NN: One of the criticisms I've read is that there are concerns that he dances a bit behind the offensive line. I was wondering how he is at finding the hole and knowing when to cut up field?
RG: He's good. You know, he's a guy that can make you right a lot of times also. He is a guy that as a coach you want to call the perfect play and you want the design to be perfect. But there's times guys are going to come free, and we can't block them all. He's a guy that has made us look pretty good at times. We didn't block the safety a lot of times and what we did versus Nebraska was to cover [can't decipher a word here]. There safety was at the linebacker level and he made that guy miss seven times in the game. And he ran for 200 yards against one of the top defenses in the country. He's a guy we thought for us had very good vision and the fact that he can make that last guy miss was a plus. Can he get better? Yes. But I don't think there is a guy at the college level or NFL that can't afford to get better and misses the cut every once in a while. There's always room for improvement.
NN: Speaking of that is there one particular area where he could improve the most?
RG: Yea, he can get better with his hands. He has good hands and can catch the ball well but he's not a natural at it so he could become a better receiver out of the backfield. He could get better at pass protection. I think running backs have to continually get better at that throughout their career. But I will say one thing would be being a better receiver out of the backfield.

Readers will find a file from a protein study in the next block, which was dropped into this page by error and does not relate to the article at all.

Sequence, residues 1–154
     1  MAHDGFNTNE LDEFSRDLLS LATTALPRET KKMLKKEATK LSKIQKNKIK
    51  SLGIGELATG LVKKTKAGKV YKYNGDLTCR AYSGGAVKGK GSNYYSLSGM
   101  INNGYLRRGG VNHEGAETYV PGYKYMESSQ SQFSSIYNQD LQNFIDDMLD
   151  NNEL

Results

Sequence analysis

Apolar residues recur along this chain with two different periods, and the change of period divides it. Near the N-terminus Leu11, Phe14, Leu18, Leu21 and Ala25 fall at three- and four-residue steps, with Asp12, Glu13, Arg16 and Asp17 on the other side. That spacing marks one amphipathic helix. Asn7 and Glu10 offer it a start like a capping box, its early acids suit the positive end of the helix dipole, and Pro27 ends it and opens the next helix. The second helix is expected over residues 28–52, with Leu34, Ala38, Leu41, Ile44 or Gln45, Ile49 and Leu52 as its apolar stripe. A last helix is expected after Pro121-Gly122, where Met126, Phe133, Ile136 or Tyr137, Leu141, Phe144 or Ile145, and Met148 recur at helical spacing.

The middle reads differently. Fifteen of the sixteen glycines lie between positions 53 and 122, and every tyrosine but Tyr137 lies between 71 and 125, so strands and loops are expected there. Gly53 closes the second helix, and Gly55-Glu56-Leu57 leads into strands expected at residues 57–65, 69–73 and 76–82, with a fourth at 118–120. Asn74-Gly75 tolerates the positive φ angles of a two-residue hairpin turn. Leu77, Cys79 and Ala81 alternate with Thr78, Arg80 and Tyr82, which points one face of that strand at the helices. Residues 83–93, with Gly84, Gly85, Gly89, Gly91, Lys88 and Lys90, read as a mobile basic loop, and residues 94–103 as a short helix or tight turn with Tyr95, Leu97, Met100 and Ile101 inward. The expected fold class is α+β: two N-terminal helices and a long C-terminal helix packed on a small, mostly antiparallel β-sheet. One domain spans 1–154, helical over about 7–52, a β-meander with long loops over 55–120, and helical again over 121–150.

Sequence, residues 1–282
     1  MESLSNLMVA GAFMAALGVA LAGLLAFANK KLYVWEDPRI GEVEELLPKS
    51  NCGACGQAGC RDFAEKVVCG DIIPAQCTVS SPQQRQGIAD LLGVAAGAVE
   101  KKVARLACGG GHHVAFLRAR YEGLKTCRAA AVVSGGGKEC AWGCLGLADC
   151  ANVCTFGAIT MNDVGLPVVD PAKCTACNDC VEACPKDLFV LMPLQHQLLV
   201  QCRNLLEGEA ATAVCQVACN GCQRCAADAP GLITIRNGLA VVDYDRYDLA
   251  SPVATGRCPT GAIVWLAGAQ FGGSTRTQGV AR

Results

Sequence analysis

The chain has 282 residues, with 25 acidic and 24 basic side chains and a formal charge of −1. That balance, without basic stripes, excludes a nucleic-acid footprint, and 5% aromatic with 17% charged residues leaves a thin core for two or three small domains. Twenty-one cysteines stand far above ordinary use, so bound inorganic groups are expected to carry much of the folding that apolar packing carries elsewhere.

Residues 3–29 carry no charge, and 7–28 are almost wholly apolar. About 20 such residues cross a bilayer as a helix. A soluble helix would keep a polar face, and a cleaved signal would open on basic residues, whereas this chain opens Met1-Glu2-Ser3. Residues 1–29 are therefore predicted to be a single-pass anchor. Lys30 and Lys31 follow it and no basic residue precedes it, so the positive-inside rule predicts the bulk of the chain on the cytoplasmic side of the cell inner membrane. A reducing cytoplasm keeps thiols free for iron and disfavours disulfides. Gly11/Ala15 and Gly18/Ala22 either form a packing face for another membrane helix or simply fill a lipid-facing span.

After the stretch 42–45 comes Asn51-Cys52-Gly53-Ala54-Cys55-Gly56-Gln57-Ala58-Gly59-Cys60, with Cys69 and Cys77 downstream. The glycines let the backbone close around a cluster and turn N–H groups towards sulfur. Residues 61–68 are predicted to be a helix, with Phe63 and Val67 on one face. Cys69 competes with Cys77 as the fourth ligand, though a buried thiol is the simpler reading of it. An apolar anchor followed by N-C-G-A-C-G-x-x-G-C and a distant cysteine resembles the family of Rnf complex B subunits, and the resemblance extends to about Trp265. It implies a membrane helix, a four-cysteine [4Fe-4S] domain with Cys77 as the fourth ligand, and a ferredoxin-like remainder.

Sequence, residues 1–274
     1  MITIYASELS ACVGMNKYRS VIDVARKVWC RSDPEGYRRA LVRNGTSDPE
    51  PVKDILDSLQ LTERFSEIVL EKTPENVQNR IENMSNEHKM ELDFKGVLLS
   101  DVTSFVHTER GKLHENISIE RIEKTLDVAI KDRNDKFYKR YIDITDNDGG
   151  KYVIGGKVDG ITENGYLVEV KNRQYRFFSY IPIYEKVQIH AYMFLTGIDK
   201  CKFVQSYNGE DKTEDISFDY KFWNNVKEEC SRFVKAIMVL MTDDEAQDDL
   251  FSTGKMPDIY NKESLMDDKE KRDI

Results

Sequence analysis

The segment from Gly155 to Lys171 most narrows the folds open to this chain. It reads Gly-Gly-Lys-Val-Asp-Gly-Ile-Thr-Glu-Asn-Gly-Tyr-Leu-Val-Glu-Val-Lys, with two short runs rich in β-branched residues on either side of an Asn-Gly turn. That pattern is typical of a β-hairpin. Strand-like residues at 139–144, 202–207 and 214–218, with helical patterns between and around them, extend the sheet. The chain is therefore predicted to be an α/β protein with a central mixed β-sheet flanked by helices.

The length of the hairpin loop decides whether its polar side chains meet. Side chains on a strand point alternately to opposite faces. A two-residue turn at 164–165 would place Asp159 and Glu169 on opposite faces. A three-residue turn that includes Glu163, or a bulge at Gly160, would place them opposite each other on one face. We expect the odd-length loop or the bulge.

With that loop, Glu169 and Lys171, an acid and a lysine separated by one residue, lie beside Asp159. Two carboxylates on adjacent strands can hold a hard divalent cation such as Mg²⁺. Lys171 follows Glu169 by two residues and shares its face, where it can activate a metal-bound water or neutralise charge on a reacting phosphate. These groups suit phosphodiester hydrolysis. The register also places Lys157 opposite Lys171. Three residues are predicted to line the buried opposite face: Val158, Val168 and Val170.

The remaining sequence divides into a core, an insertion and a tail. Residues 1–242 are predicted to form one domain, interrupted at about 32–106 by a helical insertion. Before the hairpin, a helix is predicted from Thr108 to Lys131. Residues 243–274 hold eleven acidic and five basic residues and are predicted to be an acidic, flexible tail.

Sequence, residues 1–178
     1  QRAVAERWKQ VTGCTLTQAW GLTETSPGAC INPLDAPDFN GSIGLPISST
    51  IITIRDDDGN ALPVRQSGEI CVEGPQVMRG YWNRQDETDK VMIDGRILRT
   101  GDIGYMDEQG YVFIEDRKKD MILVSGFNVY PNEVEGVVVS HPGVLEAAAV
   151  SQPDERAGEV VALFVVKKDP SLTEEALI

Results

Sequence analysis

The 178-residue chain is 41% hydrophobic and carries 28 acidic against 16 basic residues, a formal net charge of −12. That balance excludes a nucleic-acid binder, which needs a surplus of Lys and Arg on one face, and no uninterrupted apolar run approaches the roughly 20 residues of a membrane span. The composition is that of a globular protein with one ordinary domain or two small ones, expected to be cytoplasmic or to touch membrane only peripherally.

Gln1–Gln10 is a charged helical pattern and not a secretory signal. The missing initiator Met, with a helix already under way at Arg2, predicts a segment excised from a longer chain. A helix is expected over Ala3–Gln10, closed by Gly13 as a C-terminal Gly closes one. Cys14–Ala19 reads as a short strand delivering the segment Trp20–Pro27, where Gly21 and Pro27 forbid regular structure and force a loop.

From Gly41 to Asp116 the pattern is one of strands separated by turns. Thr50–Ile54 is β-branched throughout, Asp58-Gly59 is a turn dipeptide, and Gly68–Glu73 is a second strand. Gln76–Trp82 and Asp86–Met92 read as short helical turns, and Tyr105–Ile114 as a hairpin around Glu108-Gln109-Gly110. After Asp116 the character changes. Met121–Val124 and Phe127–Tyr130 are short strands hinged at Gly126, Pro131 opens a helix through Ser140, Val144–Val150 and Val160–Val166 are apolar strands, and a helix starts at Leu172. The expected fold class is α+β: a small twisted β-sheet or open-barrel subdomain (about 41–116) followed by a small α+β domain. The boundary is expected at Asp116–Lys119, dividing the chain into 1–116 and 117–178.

NN: Your offense at Oklahoma State, was it based on numbers or words?
RG: It was based on numbers. It was based on numbers and then trigger words that let him know what he had to do. But everything was no-huddle; the quarterback used a number system.
NN: When he comes up here, Coach Harbaugh is going to be running a bit of a west coast offense that he used at Stanford. I was wondering how Kendall is in terms of learning the new offense, being able to acclimate to some changes and just as far as picking that kind of stuff up?
RG: I'll tell you what, I think he'll be like any rookie. You know, he'll struggle at times. The west coast offense is very wordy and there's some veteran backs that struggle with it. I don't think he'll be coming in there conducting his own meetings but he's a kid that I know from personal experience will put in extra time. He'll be the first one in the meeting room and he'll be the last one out because he'll let you know that he doesn't understand something, which I think is important to me. So often you get guys that don't want you to think that they don't know it because they're too cool and they go on the field and make mistakes. But this is a kid that if he doesn't understand it he's going to let you know, but he's going to show the coach he wants to learn. I think after a fourth attempt and taking his rookie bumps I think he'll be a pretty good player and he'll be a good one for the system.